Juliane Roemhild: A Week in Woolf’s Gardens

Juliane Roemhild from Australia and Germany reflects upon our Woolf’s Gardens summer course, July 2019.

Cambridge in summer is an enchanted place. Punts and cobblestones, bookstores, ice cream, cows, and college gardens in magnificent bloom. Even among the tourists you may well catch a glimpse of those days when the Neo-Pagans and the Apostles were studying here, working, talking, partying at Grantchester and skinny dipping in the Cam during those moonlit summer nights. Or so the story goes.

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We came to Cambridge to talk about Woolf and gardens. Our group was wonderfully diverse: academics, professionals and students of all ages from Europe, the US, Australia and Asia. Our shared love of Woolf’s writing and the summery mood of Cambridge made for easy conversation and literary discoveries over walks and long dinners. Gardens seemed an obvious choice for this year’s summer course, given Woolf’s vivid descriptions of Rodmell, Charleston and Sissinghurst in her letters and diaries. For a week we discussed the presence of flowers and parks, snails, college lawns, grand estates and modest potato patches in Woolf’s works. Every morning we would gather to hear a lecture by a different scholar, followed by a supervision (tutorial) with a group of 3 or 4. It was such a privilege to spend time each day with our tutor, Alison Hennegan, whose inexhaustible of knowledge of the period turned our classes into far-ranging conversations on Woolf, history and women’s writing.

Most afternoons were spent on organised outings. Wherever we went, we were expertly shepherded by Trudi Tate, whose calm friendliness and expert organisational skills made for a seamless experience. Guided tours, lectures and dinners – all were excellent. Although we saw the manuscript of A Room of One’s Own at the Fitzwilliam Museum, two other events stand out even more strongly in my memory:  the tours given by the head gardeners of Newnham and Kings College, who explained with passion and patience the history of their gardens, the aesthetic choices and environmental principles underpinning their work. At Newnham we stood in the dining hall where, once upon a time, Woolf gave one of the two lectures that later formed the foundation of A Room of One’s Own. At Kings we were granted access to the Provost’s garden: small, secluded and impeccably maintained, it is one of the loveliest garden spaces I have ever seen. Inside the college, we were shown paintings works by Duncan Grant, Vanessa Bell, Roger Fry and others from the impressive collection donated to Kings by its long-standing Fellow Maynard Keynes.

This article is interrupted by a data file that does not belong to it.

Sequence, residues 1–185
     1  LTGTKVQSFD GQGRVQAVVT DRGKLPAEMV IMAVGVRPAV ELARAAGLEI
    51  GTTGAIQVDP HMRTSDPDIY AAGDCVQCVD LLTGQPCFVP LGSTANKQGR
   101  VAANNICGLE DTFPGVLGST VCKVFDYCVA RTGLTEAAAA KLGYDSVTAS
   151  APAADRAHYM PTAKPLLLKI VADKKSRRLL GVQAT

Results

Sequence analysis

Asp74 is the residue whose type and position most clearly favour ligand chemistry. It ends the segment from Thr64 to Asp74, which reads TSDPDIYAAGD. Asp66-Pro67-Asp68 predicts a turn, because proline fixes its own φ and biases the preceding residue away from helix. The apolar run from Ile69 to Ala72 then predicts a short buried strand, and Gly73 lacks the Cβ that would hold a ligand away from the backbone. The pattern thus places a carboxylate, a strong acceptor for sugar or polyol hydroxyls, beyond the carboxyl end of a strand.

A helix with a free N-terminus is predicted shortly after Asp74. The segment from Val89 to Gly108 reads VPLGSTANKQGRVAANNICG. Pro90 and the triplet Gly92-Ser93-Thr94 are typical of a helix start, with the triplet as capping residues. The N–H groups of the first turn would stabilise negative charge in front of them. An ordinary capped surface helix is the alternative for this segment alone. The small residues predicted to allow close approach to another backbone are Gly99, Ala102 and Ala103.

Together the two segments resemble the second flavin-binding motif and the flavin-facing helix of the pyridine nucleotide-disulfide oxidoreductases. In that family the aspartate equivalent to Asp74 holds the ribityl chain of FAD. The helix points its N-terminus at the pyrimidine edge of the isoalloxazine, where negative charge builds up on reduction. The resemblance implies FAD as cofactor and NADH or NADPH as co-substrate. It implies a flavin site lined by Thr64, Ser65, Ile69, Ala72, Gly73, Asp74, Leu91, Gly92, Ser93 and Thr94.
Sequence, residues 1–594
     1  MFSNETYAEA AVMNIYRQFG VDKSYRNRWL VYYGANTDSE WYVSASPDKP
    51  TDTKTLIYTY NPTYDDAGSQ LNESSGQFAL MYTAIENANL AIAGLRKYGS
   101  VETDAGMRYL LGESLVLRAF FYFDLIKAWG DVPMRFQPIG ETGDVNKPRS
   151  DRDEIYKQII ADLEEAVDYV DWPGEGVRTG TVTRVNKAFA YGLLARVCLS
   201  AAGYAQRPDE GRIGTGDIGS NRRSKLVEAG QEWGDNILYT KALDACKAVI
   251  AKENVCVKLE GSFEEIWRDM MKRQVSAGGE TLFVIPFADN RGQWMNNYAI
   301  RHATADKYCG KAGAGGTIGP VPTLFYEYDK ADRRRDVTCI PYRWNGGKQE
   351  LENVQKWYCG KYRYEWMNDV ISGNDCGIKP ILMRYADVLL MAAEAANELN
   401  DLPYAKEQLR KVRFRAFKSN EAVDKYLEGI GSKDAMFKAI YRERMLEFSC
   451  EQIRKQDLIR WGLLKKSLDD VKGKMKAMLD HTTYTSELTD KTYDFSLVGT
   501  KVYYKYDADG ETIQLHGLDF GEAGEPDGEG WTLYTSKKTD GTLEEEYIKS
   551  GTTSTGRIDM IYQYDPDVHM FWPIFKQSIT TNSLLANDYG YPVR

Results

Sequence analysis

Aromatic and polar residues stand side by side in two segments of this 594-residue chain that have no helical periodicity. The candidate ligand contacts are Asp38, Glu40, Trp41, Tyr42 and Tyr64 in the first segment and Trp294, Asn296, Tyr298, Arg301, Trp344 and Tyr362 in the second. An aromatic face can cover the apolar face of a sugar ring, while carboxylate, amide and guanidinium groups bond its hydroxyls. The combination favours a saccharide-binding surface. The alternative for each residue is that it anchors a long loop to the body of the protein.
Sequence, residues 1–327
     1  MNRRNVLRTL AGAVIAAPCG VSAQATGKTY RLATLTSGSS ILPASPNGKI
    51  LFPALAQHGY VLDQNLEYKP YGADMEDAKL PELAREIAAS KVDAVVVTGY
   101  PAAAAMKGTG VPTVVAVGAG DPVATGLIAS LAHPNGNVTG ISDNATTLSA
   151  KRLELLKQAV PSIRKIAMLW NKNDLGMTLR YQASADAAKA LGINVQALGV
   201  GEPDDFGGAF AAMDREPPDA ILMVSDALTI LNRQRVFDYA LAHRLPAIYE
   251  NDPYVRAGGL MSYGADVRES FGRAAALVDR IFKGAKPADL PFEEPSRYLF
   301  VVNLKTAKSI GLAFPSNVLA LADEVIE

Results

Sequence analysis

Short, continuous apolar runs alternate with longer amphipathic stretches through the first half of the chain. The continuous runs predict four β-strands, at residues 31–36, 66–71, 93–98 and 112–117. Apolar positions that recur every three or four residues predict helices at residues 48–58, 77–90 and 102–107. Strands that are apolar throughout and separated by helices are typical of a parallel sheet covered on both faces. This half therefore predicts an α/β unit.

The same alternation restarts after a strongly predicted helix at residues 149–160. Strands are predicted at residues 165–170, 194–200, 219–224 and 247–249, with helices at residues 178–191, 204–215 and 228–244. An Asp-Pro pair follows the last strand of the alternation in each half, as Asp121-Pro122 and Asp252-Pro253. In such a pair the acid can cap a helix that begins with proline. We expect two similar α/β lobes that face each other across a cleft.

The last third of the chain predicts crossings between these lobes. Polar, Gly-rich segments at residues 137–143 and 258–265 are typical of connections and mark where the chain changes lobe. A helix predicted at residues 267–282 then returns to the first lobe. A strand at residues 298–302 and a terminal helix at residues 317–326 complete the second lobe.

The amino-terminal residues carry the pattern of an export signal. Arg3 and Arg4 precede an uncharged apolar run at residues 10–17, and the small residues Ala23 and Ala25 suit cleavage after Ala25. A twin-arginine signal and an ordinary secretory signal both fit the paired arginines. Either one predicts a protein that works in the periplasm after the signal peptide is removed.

The highlight was undoubtedly our trip to Charleston and Rodmell the day after the course. I had visited both places before but not in summer when the gardens are at their best. Charleston was a riot of colour and shapes, overgrowing, tumbling, abundant, in full bloom. A place to explore, to hide and linger. Inspired by the exuberant mood of the place, I found myself buying a rather expensive cushion in a design by Bell. At Rodmell, the quiet intimacy of Woolf’s bedroom inspires hushed tones. Most of those who come all the way to Rodmell are on a pilgrimage. To me Leonard’s walking sticks and rucksack by the door remain most moving – everyday items, working things to be used and returned to their corner. At my first visit in autumn I picked up a chestnut from the tree overshadowing Woolf’s writing hut and put it in my coat pocket. This time I took a poppy head. It’s rolling around somewhere at the bottom of my bag. Sometimes I accidentally grab it when searching for my keys and smile.

Photos by Jeremy Peters 

Literature Cambridge